WASHINGTON – In case you missed it …

Maine’s soon-to-be retired senior senator, Olympia Snowe, finally had her 15 seconds (well, closer to 45 seconds) on a network sitcom. You can find a link to the clip involving Snowe here or a link to the full episode here.

Snowe, a Republican, appeared alongside Democratic Sen. Barbara Boxer of California during part of Thursday night’s season premier of the NBC comedy “Parks and Recreation.” The pair of veteran lawmakers are introduced to main character Leslie Knope (played by Amy Poehler) during a supposed cocktail party in Washington.

But rather than excitedly talking up the two senators (who rank No. 4 and No. 26 on her list of “amazing women”), Knope gets flustered and talks about her “small and unimportant” town that is “overrun with raccoons and obese toddlers.”

Snowe has two lines: “Pleasure to meet you” and “I’m sure that’s not true” in response to Knope’s comment about her unimportant town. After Knope compliments the senators on their “grace under pressure” and calls them role models, she flees the scene, prompting Boxer and Snowe to shrug at one another. (Sen. John McCain, R-Arizona, then has an awkward encounter with an upset Knope in the coat closet moments later.)

Snowe said she enjoyed the taping of the show back in July.

“Although the show is fictional, Amy’s character, Leslie, demonstrates an admirable passion for public service, echoing the belief I have long held that public service is a most noble pursuit,” Snowe said in a statement.

COLLINS GETS A BINNACLE

Stroll into almost any congressional office and you’re bound to see plaques and awards from organizations showing gratitude for the representative’s attention to their particular cause.

Maine Sen. Susan Collins’ latest award isn’t going to fit on any wall or desktop, however. In fact, office staffers and interns may find themselves competing for space with it.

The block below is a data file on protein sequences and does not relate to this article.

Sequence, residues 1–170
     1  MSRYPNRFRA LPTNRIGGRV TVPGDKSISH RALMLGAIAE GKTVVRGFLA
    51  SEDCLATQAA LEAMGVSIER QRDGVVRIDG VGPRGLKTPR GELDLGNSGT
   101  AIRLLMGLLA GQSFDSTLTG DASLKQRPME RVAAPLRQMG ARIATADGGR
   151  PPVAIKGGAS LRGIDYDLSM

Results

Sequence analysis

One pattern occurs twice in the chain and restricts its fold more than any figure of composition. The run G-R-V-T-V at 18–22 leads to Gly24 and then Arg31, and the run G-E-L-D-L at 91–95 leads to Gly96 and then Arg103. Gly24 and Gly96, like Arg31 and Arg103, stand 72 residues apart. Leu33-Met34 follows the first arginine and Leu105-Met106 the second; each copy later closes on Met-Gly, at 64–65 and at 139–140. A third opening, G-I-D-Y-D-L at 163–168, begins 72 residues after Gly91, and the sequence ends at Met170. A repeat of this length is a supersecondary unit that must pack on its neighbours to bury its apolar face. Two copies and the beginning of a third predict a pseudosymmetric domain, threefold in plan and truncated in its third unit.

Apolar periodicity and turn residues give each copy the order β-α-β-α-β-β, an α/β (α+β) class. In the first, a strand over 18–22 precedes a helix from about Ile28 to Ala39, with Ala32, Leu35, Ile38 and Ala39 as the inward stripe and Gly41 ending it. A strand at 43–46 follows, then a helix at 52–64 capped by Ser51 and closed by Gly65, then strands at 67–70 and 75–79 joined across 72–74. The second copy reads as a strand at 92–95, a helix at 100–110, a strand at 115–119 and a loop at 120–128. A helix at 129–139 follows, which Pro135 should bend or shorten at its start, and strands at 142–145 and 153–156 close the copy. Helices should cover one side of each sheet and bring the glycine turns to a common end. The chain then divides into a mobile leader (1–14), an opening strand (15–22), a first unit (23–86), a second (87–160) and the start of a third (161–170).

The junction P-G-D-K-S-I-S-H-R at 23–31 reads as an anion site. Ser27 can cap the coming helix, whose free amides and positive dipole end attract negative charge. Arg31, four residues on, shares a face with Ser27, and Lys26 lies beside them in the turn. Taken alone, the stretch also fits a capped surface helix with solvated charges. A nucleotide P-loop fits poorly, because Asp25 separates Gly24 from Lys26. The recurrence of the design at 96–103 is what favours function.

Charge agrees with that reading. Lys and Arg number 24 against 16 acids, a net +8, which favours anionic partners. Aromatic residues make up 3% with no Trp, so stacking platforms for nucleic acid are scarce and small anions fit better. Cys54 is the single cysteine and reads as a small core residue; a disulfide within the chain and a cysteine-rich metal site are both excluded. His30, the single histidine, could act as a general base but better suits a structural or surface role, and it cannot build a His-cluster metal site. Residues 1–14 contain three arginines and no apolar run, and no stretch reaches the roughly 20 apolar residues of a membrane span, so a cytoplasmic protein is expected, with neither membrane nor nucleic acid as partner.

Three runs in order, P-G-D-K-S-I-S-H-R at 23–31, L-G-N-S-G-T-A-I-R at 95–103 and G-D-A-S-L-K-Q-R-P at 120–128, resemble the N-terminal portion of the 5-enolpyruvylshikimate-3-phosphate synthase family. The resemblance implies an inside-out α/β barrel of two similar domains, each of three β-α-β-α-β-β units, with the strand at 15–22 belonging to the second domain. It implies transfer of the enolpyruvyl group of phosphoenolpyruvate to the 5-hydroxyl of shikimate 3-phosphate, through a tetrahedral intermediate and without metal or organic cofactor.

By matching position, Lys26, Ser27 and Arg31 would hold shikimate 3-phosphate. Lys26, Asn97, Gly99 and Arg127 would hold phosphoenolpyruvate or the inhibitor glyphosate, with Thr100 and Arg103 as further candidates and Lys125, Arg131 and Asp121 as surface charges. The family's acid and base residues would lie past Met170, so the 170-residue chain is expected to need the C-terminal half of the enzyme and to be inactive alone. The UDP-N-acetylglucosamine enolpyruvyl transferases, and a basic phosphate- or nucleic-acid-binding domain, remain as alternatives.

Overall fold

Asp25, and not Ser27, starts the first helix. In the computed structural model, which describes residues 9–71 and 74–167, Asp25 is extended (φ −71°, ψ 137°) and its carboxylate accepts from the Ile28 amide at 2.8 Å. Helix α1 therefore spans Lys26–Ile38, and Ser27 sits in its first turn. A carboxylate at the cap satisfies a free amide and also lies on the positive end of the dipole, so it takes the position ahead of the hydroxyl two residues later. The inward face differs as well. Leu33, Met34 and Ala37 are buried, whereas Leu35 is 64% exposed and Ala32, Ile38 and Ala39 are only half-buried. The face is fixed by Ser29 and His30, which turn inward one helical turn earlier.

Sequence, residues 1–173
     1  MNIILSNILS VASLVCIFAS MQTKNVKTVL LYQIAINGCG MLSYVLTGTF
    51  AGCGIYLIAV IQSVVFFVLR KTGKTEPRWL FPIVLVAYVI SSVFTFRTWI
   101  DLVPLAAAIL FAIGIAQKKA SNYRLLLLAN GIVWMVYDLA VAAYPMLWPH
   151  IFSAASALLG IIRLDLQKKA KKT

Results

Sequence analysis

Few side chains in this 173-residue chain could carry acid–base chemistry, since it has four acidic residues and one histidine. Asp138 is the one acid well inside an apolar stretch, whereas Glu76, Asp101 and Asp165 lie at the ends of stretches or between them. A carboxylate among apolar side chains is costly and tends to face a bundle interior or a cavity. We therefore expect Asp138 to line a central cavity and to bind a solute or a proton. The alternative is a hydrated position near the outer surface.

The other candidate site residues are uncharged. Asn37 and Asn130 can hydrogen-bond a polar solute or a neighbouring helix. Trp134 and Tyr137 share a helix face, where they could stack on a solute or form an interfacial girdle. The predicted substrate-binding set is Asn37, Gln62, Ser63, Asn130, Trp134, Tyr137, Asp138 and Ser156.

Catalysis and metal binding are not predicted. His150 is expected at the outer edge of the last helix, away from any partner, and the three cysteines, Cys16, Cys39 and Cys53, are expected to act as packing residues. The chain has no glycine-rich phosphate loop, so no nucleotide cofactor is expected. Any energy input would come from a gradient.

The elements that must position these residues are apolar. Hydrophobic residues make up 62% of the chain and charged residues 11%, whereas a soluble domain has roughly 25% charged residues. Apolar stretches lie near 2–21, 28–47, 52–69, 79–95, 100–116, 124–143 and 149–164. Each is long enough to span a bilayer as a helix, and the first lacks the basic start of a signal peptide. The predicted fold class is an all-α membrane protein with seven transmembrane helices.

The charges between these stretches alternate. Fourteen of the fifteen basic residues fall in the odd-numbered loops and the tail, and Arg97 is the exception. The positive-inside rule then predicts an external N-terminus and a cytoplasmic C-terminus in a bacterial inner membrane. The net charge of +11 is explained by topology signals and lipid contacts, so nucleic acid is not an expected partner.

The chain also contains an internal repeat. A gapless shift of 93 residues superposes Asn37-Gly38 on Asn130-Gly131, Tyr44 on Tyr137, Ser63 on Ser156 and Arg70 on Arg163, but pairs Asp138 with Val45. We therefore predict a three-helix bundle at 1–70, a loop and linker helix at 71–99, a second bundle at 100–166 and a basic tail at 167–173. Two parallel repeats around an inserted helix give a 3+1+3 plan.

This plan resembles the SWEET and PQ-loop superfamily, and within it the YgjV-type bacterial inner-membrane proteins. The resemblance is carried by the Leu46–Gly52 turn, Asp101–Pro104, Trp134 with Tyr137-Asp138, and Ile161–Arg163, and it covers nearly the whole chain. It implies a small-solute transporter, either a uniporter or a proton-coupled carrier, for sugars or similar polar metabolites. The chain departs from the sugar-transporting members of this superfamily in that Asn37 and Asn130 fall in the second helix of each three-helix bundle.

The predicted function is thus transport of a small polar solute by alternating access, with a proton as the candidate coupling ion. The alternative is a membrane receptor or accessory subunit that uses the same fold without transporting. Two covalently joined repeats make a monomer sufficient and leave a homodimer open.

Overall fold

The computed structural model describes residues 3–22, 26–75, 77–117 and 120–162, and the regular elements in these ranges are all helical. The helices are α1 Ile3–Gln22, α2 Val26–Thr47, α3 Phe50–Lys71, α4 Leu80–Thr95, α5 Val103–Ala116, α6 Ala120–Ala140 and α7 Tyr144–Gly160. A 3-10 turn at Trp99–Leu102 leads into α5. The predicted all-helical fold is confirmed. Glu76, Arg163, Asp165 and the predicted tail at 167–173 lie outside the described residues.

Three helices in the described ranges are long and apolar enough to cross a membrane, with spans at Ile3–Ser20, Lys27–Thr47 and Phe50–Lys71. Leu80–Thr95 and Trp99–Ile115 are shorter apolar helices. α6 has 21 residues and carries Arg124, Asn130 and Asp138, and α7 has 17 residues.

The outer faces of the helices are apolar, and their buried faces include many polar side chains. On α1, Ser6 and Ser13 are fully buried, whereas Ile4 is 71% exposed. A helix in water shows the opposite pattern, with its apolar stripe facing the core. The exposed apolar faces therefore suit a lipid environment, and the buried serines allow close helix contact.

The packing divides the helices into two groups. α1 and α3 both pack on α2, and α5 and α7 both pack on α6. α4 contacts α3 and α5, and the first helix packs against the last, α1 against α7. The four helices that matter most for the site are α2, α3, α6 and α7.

Collins was this year’s recipient of the Congressional Sea Services Award, which is given to one member of Congress for their outstanding contributions to the Navy, Coast Guard, Marine Corps and merchant marine. And since the Navy League of the United States is all about ships, perhaps it’s no surprise that the league’s award would be a bit, well, oversized.

The award is a binnacle: a metal stand measuring about 3½ feet tall that houses the ship’s compass for those at the helm. This particular binnacle was taken from the SS Sioux Falls Victory, a Victory ship that saw duty during World War II (earning a Battle Star award) and the Korean and Vietnam wars.

“I will proudly display the binnacle in my office,” Collins said during a presentation ceremony. “It’s going to take up a whole corner in my office.”

Top brass from all of the nautical service branches were present for the after-hours ceremony held in a Senate committee room (with wine, beer and finger food). They included: Robert Work, under secretary of the Navy; Adm. Robert Papp, commandant of the Coast Guard; Lt. Gen. Richard Mills, the Marine Corps’ deputy commandant for combat development; and David Matsuda, head of the U.S. Maritime Administration.

Speakers praised Collins, a Republican, for her support of the services and particularly for her work on the Senate Appropriations Committee on behalf of shipbuilding. That is, of course, an important industry for Collins’ home state, and Bath Iron Works and the Portsmouth Naval Shipyard came up frequently.

“Without her help, we just wouldn’t have the number of ships that we have in the fleet now,” said Work. To emphasize his point, he noted that 31 ships have been approved for construction at BIW since Collins arrived in Congress, eventually accounting for more than 10 percent of the Navy’s fleet.

(It’s worth noting that Collins’ colleague from Maine, retiring Sen. Olympia Snowe, is also heavily involved in maritime issues, serving on the committee that oversees the Coast Guard, fisheries, the merchant marine and maritime navigation. And Maine Reps. Chellie Pingree and Mike Michaud also serve on committees that oversee the armed forces, the Coast Guard and maritime transportation).

Collins referred to the old saying “Bath-built is best-built” and, turning to Papp, said she was confident that BIW as well as smaller shipyards in Maine have the capability to produce more cutters, patrol boats and other vessels for the Coast Guard.

Papp, whose service receives a fraction of the funding of the other military branches and whose fleet includes cutters built in the 1960s, seemed to welcome the suggestion.

“Message was received loud and clear: more Coast Guard cutters … BIW … roger. We’ll take them any way we can get them,” he said with a grin.

Kevin Miller can be contacted at 317-6256 or at:

[email protected]

Twitter: @KevinMiller

 

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